Patients receiving immunosuppressive therapy, most notably, those with a transplanted organ, often have histologically aggressive skin cancers coupled with impaired healing capabilities. In these patients, there is a high probability for development of other cutaneous malignant neoplasms. There is also an increased likelihood of local flap necrosis compared with patients not taking immunosuppressive medications. All of these factors may lead the surgeon to select a reconstructive option that sacrifices aesthetic results in exchange for tissue preservation with the knowledge that additional flaps will be necessary in the future to treat additional cutaneous malignant neoplasms.

The size of a cutaneous cheek defect is an important factor affecting the surgical approach to reconstruction of the cheek. When the defect occupies more than 50% of the surface area of an aesthetic unit, the remaining skin of the unit may occasionally be removed and the entire unit covered with a cutaneous flap. For smaller defects, repairs are designed that preserve the remaining normal tissue and place scars at the cheek perimeter or parallel with RSTLs.

Medial Cheek Defects

The medial cheek aesthetic unit consists of the skin covering the melolabial fold and the skin adjacent to the nose. In reconstruction of cutaneous defects of the medial aesthetic unit, skin is recruited from the lateral and inferior portions of the cheek. These areas provide a relatively mobile reservoir of skin. The areas that may be distorted by secondary tissue movement include the nasal ala, alar-facial sulcus, lower eyelid, upper lip, and melolabial crease.

Healing by secondary intention of small defects of the medial cheek (1 cm or less) can result in an acceptable appearance, particularly on concave surfaces such as the perialar and melolabial regions. However, most skin defects of the cheek do not heal with an acceptable aesthetic result when they are allowed to heal by secondary intention. This may be related to facial motion and the slightly convex surface topography of the cheek.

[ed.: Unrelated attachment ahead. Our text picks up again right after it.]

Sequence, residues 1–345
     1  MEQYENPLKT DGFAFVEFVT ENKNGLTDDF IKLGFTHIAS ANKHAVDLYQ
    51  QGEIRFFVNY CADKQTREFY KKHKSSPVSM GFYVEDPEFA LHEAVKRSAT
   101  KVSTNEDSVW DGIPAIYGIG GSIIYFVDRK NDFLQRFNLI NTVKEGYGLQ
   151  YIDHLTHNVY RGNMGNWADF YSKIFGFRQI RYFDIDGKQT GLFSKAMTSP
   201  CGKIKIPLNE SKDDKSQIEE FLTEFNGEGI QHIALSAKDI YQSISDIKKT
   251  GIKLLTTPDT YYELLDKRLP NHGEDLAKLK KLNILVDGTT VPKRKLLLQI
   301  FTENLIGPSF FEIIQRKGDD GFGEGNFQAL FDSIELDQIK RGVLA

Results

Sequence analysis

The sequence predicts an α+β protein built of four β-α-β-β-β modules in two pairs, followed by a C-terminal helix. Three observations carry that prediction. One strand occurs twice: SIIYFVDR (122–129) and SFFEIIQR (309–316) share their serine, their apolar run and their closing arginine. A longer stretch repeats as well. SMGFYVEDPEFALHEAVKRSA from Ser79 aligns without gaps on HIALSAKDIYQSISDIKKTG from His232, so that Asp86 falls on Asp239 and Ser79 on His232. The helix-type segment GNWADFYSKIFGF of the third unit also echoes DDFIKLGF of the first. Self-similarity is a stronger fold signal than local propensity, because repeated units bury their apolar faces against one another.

Primary wound closure is an excellent option for repair of smaller cutaneous defects of the cheek. Typically, it results in a linear suture line with minimal tension on the closure because wide skin undermining is possible. In general, undermining up to 4 cm beyond the borders of the defect improves tissue recruitment, whereas undermining more widely adds little to decreasing wound closure tension (see discussion of this in Chapters 3 and 6).4 Primary wound closure is a particularly good option when the resulting scar can be placed in the borders of the cheek aesthetic region or parallel to RSTLs. An example is a defect adjacent to the junction of the cheek and nasal sidewall (nasofacial sulcus) repaired with primary wound closure, resulting in a scar positioned in the sulcus, thus providing excellent camouflage (Fig. 20-3). Because most cutaneous defects created by micrographic surgery are circular, an ellipse can be designed such that the resulting scar is parallel to RSTLs. When the ends of the ellipse encroach on a facial structure or extend beyond the borders of an aesthetic unit, an M-plasty may be used to shorten the length of the closure. This technique eliminates or reduces the necessity of the scar’s crossing boundaries of aesthetic units (Fig. 20-4).

The V-Y subcutaneous tissue pedicle island advancement flap is an effective way of reconstructing small defects of the medial cheek adjacent to the alae (Fig. 20-5). The flap is designed as an island of skin with a triangle shape, preserving the subcutaneous tissue beneath the skin island. Extending the incision used to create the flap to the proper depth is important. If incisions are too shallow, the ability to advance the flap will be restricted; and if incisions are too deep, the nerve supply to the facial musculature may be compromised. The flap is advanced and the wound closed so that the suture line assumes a Y-shaped configuration. The blood supply to the flap is from perforators that enter the subcutaneous tissue pedicle. The margins of the flap can be conservatively undermined to allow better mobilization and skin edge eversion during wound closure. The island flap is particularly useful for repair of defects adjacent to the nasal alae (see discussion in Chapters 6, 9, and 12). This area has a natural triangle shape, and part of the resulting scar will typically be in the melolabial crease.5